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Magnetite in Comet Wild 2: Evidence for parent body aqueous alteration

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journal contribution
posted on 2018-04-23, 11:26 authored by L. J. Hicks, J. L. Macarthur, J. C. Bridges, M. C. Price, J. E. Wickham-Eade, M. J. Burchell, G. M. Hansford, A. L. Butterworth, S. J. Gurman, S. H. Baker
The mineralogy of comet 81P/Wild 2 particles, collected in aerogel by the Stardust mission, has been determined using synchrotron Fe-K X-ray absorption spectroscopy with in situ transmission XRD and X-ray fluorescence, plus complementary microRaman analyses. Our investigation focuses on the terminal grains of eight Stardust tracks: C2112,4,170,0,0; C2045,2,176,0,0; C2045,3,177,0,0; C2045,4,178,0,0; C2065,4,187,0,0; C2098,4,188,0,0; C2119,4,189,0,0; and C2119,5,190,0,0. Three terminal grains have been identified as near pure magnetite Fe 3 O 4 . The presence of magnetite shows affinities between the Wild 2 mineral assemblage and carbonaceous chondrites, and probably resulted from hydrothermal alteration of the coexisting FeNi and ferromagnesian silicates in the cometary parent body. In order to further explore this hypothesis, powdered material from a CR2 meteorite (NWA 10256) was shot into the aerogel at 6.1 km s -1 , using a light-gas gun, and keystones were then prepared in the same way as the Stardust keystones. Using similar analysis techniques to the eight Stardust tracks, a CR2 magnetite terminal grain establishes the likelihood of preserving magnetite during capture in silica aerogel.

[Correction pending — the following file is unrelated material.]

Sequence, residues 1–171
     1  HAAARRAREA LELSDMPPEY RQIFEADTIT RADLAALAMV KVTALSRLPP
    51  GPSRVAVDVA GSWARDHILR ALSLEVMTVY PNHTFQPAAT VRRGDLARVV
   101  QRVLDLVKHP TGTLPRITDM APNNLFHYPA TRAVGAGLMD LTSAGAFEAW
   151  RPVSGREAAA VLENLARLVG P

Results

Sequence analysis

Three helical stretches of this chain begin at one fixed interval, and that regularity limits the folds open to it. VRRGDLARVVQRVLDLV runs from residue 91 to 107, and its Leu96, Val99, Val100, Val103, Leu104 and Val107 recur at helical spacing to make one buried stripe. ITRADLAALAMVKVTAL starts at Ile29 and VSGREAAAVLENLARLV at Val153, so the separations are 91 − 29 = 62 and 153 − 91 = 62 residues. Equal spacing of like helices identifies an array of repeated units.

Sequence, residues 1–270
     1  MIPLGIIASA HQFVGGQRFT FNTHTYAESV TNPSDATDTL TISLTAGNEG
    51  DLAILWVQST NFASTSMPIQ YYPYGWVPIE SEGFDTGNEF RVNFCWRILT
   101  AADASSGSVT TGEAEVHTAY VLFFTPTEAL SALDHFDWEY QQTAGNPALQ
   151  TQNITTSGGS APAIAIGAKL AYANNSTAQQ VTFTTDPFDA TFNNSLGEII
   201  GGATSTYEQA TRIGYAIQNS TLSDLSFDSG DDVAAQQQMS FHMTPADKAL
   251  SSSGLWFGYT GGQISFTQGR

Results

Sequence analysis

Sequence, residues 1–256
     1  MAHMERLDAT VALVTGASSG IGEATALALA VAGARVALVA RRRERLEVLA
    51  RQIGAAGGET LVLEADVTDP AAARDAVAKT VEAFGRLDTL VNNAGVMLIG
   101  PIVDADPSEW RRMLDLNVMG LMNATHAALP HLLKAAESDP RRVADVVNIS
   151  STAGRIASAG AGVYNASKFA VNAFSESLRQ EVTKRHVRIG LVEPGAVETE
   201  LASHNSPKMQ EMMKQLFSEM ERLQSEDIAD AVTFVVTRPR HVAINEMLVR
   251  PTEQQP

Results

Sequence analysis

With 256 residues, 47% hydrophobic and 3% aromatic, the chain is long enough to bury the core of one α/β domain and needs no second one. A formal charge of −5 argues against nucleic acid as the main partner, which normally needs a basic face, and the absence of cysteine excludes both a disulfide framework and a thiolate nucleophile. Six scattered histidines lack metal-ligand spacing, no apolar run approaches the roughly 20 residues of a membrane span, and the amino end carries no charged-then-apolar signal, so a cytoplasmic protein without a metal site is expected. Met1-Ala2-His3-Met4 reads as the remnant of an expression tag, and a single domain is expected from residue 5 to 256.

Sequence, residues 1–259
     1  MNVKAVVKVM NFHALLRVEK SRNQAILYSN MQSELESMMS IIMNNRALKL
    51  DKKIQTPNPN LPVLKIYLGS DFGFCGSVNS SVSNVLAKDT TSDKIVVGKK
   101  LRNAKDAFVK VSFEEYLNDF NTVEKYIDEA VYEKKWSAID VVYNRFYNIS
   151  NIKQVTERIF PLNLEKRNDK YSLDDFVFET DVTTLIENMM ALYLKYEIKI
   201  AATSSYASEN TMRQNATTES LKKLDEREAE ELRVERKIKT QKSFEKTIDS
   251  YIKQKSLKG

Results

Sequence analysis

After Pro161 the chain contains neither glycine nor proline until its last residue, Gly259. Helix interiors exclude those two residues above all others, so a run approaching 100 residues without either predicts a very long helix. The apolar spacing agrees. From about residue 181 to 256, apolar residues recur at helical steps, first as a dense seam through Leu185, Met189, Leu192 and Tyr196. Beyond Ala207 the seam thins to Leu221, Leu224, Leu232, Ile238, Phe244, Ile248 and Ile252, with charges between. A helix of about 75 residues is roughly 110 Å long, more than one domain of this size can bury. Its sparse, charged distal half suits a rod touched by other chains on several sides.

We thank the NASA JSC Stardust Sample Curator for the loan of the Stardust aerogel track samples, prepared at the University of California at Berkeley and NASA‐JSC. The Diamond Beamline I18 staff Fred Mosselmans and Konstantin Ignatyev are thanked for the help in data acquisition, during beamtimes sp1833‐1 (Changela et al. 2012), sp7487‐1 (December 2011), sp9418‐1 (December 2013), sp10328‐1 (December 2014), and sp13690‐1 (July 2016). We also thank Graham Clark, Vinay Patel, and Lin Marvin of the University of Leicester for their support with SEM analysis of the meteorite samples. STFC is thanked for operation of the light‐gas gun and Raman spectrometer (University of Kent). EXAFS research involved the use of DL_EXCURV v1.01 via the SPECTRE High Performance Computing Facility at the University of Leicester. J. C. Bridges, M. J. Burchell, and M. C. Price acknowledge funding from STFC to support this work.



Meteoritics and Planetary Science, 2017, 52(10), pp. 2075–2096

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/Organisation/COLLEGE OF SCIENCE AND ENGINEERING/Department of Physics and Astronomy


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